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More debate, less performance please

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Flora Neville finds the flippant tone of the second Turncoats debate jars with its serious subject of community consultation

If sex was the predominant theme of last week’s Turncoats debate, ‘Quit Architecture Now’ (the first in a new series of debates designed to challenge all conventions ever), then aquatic birds, mainly ducks, are central to the second.

The warm-up act is again the satirical and dead-pan guitarist Luke Courtier, though this time, he tells the story of David the goose, (not a duck, but near enough) who is turned into pate. The pathos of his pate tale, he hopes, will convince his West London friends that their penchant for pate is unethical.

Following the warm-up act, curators Maria Smith, founder of Studio Weave and new practice Interrobang, and Phineas Harper, deputy director of the Architecture Foundation, dictate that the audience knock back a shot of vodka ‘in the dark’. Shot in the dark, in case the subtlety eludes you.  

The motion is ‘The profession, the public, and the built environment would be better off without community consultation.’ The two panellists in favour of the motion are Mark Hanson, head of development in London and the south east for housing association the Guinness Partnership and Holly Lewis, co-founder of We Made That - an architectural practice specialising in urban interventions with a strong public focus. Those against were Daisy Froud, co-founder of AOC and currently teaching at the Bartlett, and John Paul Maytum, chair of Southwark’s largest resident-managed housing organisation Leathermarket JMB, with an MBE for his services to the community.

Lights back on, and Mark Hanson, with a delivery style reminiscent of Alan Rickman playing Professor Snape, wearily argues that community consultation is ‘a sham’ and ‘just something else that gets in the way.’ Consultation is one matter in London communities, he says, but out in the shires, it’s a ‘wrist slitting experience.’ ‘I hate the word NIMBY,’ he says, ‘the correct word is selfish.’ The pantomime villain returns to his seat.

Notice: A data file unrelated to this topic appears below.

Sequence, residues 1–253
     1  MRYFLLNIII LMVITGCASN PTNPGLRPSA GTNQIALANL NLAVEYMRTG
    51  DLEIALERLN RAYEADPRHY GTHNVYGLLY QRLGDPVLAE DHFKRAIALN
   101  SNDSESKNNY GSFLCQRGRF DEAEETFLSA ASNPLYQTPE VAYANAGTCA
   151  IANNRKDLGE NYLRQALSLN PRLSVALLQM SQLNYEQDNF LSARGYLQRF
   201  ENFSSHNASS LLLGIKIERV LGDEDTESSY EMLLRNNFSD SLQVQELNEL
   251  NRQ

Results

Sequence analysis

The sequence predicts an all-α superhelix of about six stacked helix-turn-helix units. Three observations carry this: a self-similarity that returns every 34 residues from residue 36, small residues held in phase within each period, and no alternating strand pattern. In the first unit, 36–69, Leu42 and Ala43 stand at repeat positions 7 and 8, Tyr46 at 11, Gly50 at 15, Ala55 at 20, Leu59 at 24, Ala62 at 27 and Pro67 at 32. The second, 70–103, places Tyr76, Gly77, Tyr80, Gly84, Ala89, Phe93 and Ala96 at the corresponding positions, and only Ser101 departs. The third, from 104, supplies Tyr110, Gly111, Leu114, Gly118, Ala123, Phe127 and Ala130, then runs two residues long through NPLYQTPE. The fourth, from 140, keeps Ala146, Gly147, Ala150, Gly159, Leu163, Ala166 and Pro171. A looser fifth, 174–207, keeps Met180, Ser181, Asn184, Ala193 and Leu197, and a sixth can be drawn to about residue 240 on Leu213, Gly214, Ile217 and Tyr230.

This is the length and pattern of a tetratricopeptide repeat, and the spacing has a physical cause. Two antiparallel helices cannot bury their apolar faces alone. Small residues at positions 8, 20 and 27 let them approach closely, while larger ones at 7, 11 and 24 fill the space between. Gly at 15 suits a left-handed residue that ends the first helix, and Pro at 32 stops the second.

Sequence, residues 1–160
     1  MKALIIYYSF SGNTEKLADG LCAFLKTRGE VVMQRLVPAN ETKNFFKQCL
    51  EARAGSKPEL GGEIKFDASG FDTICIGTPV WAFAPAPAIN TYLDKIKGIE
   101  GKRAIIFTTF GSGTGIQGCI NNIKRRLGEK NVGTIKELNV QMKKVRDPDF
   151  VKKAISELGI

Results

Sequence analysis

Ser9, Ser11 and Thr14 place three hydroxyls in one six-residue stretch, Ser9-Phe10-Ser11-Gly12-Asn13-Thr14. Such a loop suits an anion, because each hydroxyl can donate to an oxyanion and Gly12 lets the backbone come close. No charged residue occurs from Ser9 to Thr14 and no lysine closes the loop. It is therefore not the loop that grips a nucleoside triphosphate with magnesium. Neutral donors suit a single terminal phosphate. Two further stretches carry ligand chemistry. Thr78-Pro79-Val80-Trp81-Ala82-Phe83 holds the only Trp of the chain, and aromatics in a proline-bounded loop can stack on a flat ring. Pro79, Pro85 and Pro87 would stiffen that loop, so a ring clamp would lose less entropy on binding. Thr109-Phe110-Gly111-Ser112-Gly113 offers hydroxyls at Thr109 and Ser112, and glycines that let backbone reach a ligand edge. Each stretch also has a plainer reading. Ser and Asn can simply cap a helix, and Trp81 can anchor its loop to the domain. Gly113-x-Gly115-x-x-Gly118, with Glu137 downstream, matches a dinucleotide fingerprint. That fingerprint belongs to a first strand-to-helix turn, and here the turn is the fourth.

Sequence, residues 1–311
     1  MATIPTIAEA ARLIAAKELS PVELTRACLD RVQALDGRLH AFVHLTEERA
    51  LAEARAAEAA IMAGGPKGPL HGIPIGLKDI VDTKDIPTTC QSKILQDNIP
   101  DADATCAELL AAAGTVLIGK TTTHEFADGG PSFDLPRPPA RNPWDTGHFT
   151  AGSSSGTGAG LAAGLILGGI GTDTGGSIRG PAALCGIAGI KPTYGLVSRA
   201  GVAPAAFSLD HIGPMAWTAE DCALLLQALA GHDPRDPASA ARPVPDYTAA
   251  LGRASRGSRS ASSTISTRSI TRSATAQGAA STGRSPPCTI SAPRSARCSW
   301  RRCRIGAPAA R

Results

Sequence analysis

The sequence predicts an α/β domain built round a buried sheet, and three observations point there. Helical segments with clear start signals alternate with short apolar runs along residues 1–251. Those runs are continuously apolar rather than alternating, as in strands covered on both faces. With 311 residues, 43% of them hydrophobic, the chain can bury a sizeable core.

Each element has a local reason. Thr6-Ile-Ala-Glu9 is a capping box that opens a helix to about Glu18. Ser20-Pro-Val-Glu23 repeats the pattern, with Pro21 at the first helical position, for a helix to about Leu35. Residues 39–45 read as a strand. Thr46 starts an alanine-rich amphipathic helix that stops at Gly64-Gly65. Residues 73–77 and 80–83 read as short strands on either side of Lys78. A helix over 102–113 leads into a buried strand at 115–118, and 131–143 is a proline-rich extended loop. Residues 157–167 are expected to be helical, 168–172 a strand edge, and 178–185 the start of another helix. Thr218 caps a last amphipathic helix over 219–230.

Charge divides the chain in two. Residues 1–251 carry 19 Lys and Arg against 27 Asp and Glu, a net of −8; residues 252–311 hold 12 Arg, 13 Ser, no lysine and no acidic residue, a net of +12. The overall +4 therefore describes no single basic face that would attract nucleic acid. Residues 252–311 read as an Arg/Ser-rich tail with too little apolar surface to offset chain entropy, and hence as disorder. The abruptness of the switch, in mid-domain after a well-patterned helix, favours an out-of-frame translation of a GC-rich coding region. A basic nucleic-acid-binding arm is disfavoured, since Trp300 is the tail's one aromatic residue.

With juxtaposing energy, Daisy Froud bounces up. ‘Community consultation is not a con,’ she says, ‘unless you want it to be… architects.’ She urges architects to take more control, not to blithely accept a role of ‘PR stooge to your clients’, and instead ‘to structure, frank, intelligent and useful conversation.’ She exhorts architects to turn down work that compromises ethics and to open their minds to aesthetic possibilities they might not share. ‘Go forth and consultify,’ she says, ‘all you have to lose is a minimalist, modernist, clean looking brick vernacular.’

Holly Lewis sits uncomfortably next to Professor Snape. In the name of turning coats, I assume, she has been told to argue for a motion that goes against her practice and architectural ethos. She can but relate an anecdote, a true story of how she was ‘consultation conned.’ Her conclusion, after months of being ignored, pacified and patronised, is ‘fine then, fuck it.’ Whether or not that is her actual position, it is a natural reaction to her own experience; a spurious consultation that essentially airbrushed the community.   


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It is John Paul Maytum who starts the duck talk in earnest. Something about elephants and ducks, and how the two are not linked, we are not talking about elephants, we are talking about ducks. I’m aware this sounds vague; it’s because I don’t get it. But something takes hold.

Aesthetic ducks: glossy white ones, with bright orange bills, (London communities) are compared to the mangy kind you find bobbing on the Serpentine (communities from the Shires I suppose). Some ducks bite, though that doesn’t necessarily make them bad pets, which I think, is related to pacifying angry residents. There is talk of ‘milking the duck’, which as Froud points out, is impossible. ‘Watch me try,’ says Maytum. And for his final boo, hiss, Hanson concedes that he is interested in ducks… with hoisin sauce.

When it comes to the deciding vote, Maria Smith asks ‘do you think that community consultation is valid, worthwhile and working or is it one sided, a sham, not important.’ Efficacy and ethicality are lumped into one question, when all along, they have been treated separately. I don’t know what to shout, so I feebly quack at both motions. Hanson and Lewis win. Kind of. They are not awarded the bottle of Prosecco.

As ducks flap around the debate, anything meaty is flirted with, but not really explored and the audience feels a little short-changed. Perhaps this is to do with the format of the debates which, though well suited to an evening of entertainment wondering whether or not to Quit Architecture Now, cannot handle a potato as hot as community consultation. We are told at the beginning, to join in the conversation, and forget what we believe; to play the devil’s advocate and neck another shot. There is no point - that’s the point! I don’t really see the point.

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